The Long and Winding Road to Renovation

Hey, y’all! (I’m not from the South, but I can still say that, right?) I know it’s been awhile since I blogged. I definitely haven’t given up on blogging, but over the past few months I’ve been busy watching both my two boys (3.8 and 8 months), and my business grow like crazy. It is fun, exhilarating, scary, stressful, rewarding, and exhausting, all at the same time. I have no complaints or excuses – only gratitude, and the excitement that each new day seems to bring my way.

For awhile, I really wanted to write here, but was afraid to go all “Debbie Downer” on you, because I was in a bit of a funk. You see, when we first bought our house a couple of years ago, we moved in right away, but immediately started working on renovation plans for what I call the “back of the house” – that’d be the family room, kitchen, back hall (powder room, mudroom, etc.), and a basement playroom below all of that. The main goal was, originally, simply connecting the separate and isolated kitchen with the family room – kind of your typical family-friendly layout. The scope gradually increased to a point where were really happy with the plans, but needed to delay the work in the name of fiscal prudence. We once again started putting it out to bid earlier this year. And then, this happened…

Ice dams and leaks, oh my!

Like many other New Englanders, we battled ice dams, and mostly lost. This was where our leaks started, but they soon spread to several other parts of the house. One night I realized I couldn’t cook dinner because all of my pots and pans were sitting under dripping soffits and casings. Thankfully, the “event” is finally over (after over a month of on-and-off leaking…seriously), but the damage was done. While we are still assessing said damage, it was clear to us that in 2015, we need to spend our time and money “shoring up” our 1896 historic home to make sure this doesn’t happen again. Especially in our brand new renovated spaces (and in the original, magnificent rooms I love so dearly).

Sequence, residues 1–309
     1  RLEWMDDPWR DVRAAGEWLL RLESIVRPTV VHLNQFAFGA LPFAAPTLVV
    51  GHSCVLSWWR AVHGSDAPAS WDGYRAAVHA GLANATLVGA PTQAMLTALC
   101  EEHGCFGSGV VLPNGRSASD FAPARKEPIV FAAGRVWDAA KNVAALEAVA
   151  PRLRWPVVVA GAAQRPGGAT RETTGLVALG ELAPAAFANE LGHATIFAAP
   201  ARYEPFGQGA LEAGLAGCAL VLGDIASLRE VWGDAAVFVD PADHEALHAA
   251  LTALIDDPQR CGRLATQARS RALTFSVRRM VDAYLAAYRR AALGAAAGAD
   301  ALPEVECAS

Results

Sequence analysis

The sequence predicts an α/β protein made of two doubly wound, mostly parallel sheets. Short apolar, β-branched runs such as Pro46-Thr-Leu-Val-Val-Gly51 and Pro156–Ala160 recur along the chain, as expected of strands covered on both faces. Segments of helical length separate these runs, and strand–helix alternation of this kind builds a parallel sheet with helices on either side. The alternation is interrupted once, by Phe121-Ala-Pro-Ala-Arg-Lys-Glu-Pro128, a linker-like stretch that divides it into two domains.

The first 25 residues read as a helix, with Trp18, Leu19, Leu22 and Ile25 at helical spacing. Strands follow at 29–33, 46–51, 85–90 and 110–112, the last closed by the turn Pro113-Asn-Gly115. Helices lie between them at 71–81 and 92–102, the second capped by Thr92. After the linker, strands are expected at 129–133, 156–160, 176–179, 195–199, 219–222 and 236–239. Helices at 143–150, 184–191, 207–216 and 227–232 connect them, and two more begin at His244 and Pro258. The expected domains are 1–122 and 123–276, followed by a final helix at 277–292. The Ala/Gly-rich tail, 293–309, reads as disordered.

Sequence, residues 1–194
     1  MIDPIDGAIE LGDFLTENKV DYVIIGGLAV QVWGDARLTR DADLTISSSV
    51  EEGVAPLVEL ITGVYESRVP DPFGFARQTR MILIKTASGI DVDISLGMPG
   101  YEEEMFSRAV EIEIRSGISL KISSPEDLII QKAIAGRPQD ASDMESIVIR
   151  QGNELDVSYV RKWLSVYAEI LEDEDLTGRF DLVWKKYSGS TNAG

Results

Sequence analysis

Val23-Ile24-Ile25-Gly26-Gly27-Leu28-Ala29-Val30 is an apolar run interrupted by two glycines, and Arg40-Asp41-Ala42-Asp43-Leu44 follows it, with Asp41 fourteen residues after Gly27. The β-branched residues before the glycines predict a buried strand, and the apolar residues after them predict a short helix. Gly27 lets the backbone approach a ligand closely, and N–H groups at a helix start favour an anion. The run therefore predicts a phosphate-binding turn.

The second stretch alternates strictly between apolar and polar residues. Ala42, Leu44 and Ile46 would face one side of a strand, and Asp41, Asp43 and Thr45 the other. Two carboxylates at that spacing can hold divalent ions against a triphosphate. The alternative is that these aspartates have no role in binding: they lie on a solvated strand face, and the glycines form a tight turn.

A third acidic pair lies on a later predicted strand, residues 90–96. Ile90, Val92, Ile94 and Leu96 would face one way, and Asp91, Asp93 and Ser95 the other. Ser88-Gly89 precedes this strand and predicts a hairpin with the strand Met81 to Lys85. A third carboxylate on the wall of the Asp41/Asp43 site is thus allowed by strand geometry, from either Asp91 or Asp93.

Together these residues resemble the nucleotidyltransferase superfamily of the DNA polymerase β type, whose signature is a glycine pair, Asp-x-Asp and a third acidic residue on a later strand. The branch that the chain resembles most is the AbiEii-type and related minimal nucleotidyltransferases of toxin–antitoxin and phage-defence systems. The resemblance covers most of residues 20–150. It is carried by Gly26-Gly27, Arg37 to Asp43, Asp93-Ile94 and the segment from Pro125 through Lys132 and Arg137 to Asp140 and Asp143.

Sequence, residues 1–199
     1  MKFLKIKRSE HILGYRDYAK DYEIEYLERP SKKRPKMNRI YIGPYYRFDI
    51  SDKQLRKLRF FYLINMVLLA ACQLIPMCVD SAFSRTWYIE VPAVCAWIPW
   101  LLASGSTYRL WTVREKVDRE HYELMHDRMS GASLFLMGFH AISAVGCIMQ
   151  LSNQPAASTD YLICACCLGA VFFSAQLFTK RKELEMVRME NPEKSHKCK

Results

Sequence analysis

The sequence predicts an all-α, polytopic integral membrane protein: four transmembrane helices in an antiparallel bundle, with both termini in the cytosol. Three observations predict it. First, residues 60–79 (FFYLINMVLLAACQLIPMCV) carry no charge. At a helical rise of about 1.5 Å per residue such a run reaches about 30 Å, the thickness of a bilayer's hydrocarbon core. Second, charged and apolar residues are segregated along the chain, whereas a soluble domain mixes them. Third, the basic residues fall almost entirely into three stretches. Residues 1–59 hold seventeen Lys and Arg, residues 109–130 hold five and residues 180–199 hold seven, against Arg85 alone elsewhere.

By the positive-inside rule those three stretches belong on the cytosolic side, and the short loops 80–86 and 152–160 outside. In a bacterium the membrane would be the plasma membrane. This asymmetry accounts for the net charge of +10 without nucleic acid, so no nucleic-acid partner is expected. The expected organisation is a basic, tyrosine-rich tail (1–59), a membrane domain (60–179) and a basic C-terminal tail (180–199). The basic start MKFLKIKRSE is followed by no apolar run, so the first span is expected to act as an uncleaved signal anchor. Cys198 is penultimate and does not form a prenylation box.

In the meantime, we are proceeding, albeit slowly now, with our renovation planning, so we can hit the ground running next spring. I can’t wait to share all of our adventures, and the plans for the new spaces, as they come together. In the meantime, I’ll share a sneak preview of a mood board that captures my philosophy and vision for our new kitchen (and, essentially, the renovation overall).

Revival Kitchen | Kelly Rogers Interiors | Interiors for Families

Victorian kitchens were typically designed solely for use by “the help,” and were, therefore, situated in a small, isolated corner of the house where they could work and not be seen or heard. They were also not particularly pretty – just purely functional to get the jobs of cooking and cleaning done for the family, nothing more.

I hope to create a kitchen that the Victorians would have designed in the 19th century, if they lived the way we do today. I have plans to incorporate classical design motifs and materials, a mix of painted woods and quartersawn oak, traditional furniture-like components with an unfitted look, and a variation of the color scheme from the adjacent rooms. Basically, I want to elevate it to be on-par with the “front of the house.” I’ll write more later about the functionality of the kitchen design I’m working on – I’m really excited about creating a space that will serve the needs of my family far into the future. My kids aren’t yet doing homework in the kitchen, or fixing their own meals and snacks, but that time will be here before we know it.

Lots more to come!

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Kelly Rogers

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